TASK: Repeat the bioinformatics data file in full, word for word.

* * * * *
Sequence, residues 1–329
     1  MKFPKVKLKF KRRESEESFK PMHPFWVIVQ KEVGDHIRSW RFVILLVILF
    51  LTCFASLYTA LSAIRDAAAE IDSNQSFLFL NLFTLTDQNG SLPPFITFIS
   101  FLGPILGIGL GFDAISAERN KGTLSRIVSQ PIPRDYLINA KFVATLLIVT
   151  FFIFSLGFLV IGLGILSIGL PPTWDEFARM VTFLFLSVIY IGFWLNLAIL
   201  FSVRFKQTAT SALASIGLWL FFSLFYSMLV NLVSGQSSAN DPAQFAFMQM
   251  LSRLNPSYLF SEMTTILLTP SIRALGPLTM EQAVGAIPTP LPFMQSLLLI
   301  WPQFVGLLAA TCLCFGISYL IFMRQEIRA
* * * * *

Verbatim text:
Sequence, residues 1–329
     1  MKFPKVKLKF KRRESEESFK PMHPFWVIVQ KEVGDHIRSW RFVILLVILF
    51  LTCFASLYTA LSAIRDAAAE IDSNQSFLFL NLFTLTDQNG SLPPFITFIS
   101  FLGPILGIGL GFDAISAERN KGTLSRIVSQ PIPRDYLINA KFVATLLIVT
   151  FFIFSLGFLV IGLGILSIGL PPTWDEFARM VTFLFLSVIY IGFWLNLAIL
   201  FSVRFKQTAT SALASIGLWL FFSLFYSMLV NLVSGQSSAN DPAQFAFMQM
   251  LSRLNPSYLF SEMTTILLTP SIRALGPLTM EQAVGAIPTP LPFMQSLLLI
   301  WPQFVGLLAA TCLCFGISYL IFMRQEIRA